Jesus Associated Himself With the Poor—It has become fashionable to look down upon the poor.... But Jesus, the Master, was poor, and He sympathizes with the poor, the discarded, the oppressed, and declares that every insult shown to them is as if shown to Himself. I am more and more surprised as I see those who claim to be children of God possessing so little of the sympathy, tenderness, and love which actuated Christ. Would that every church, North and South, were imbued with the spirit of our Lord's teaching!—Manuscript 6, 1891. WM 170.1
Christ Came to Minister to the Poor—Christ stood at the head of humanity in the garb of humanity. So full of sympathy and love was His attitude that the poorest was not afraid to come to Him. He was kind to all, easily approached by the most lowly. He went from house to house, healing the sick, feeding the hungry, comforting the mourners, soothing the afflicted, speaking peace to the distressed.—Letter 117, 1903. WM 170.2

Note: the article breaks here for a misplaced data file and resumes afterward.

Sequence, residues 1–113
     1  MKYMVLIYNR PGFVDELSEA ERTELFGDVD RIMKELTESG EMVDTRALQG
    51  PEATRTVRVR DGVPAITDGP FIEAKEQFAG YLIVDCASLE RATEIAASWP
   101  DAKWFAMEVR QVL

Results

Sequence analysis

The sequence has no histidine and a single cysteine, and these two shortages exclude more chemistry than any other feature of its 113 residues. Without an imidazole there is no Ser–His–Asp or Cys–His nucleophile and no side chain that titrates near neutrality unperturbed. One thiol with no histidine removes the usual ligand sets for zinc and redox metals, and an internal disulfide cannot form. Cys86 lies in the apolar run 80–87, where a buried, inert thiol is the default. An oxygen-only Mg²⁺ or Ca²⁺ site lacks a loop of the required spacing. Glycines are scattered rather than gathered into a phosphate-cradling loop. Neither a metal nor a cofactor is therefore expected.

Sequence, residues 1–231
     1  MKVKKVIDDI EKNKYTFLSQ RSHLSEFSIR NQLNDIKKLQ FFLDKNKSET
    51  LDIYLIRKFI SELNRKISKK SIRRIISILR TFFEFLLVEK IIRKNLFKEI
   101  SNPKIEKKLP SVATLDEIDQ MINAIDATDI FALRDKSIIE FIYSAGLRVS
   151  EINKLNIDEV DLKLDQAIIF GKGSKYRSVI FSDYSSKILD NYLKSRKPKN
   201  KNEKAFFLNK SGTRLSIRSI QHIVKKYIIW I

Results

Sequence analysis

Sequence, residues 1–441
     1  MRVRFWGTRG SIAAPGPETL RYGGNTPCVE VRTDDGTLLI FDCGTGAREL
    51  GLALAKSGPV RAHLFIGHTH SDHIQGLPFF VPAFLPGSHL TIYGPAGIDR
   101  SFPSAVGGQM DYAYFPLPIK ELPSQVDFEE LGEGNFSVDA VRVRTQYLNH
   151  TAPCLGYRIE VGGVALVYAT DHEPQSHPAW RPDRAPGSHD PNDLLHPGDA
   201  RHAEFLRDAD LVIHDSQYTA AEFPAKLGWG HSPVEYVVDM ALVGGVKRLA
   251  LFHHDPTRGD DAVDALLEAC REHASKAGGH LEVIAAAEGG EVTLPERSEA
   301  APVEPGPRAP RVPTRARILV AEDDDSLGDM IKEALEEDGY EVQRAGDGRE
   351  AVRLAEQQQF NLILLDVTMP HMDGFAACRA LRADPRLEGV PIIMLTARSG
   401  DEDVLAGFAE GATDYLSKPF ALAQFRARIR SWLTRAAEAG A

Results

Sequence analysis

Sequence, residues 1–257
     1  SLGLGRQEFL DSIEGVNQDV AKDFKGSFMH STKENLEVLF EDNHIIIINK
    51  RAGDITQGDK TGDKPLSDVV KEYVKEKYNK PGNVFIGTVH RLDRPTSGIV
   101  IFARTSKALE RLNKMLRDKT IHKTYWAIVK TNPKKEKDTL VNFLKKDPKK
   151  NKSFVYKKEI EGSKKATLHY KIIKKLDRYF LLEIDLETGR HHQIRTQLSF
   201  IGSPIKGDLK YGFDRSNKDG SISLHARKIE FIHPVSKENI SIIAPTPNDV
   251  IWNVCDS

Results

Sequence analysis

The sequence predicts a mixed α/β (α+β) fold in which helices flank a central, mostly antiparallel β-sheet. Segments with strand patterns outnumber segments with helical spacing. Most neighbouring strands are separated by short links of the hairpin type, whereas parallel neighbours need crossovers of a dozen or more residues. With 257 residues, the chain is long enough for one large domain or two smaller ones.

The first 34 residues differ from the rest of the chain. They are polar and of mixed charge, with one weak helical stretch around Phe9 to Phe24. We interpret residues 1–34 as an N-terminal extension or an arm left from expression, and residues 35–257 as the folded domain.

“And He came to Nazareth, where He had been brought up: and, as His custom was, He went into the synagogue on the sabbath day, and stood up for to read. And there was delivered unto Him the book of the prophet Esaias. And when He had opened the book, He found the place where it was written, The Spirit of the Lord is upon Me, because He hath anointed Me to preach the gospel to the poor; He hath sent Me to heal the brokenhearted, to preach deliverance to the captives, and recovering of sight to the blind, to set at liberty them that are bruised, to preach the acceptable year of the Lord.” WM 170.3Read in context »
After reading the communication, Felix inquired to what province the prisoner belonged, and being informed that he was of Cilicia, said: “I will hear thee ... when thine accusers are also come. And he commanded him to be kept in Herod's judgment hall.” AA 416.1
The case of Paul was not the first in which a servant of God had found among the heathen an asylum from the malice of the professed people of Jehovah. In their rage against Paul the Jews had added another crime to the dark catalogue which marked the history of that people. They had still further hardened their hearts against the truth and had rendered their doom more certain. AA 416.2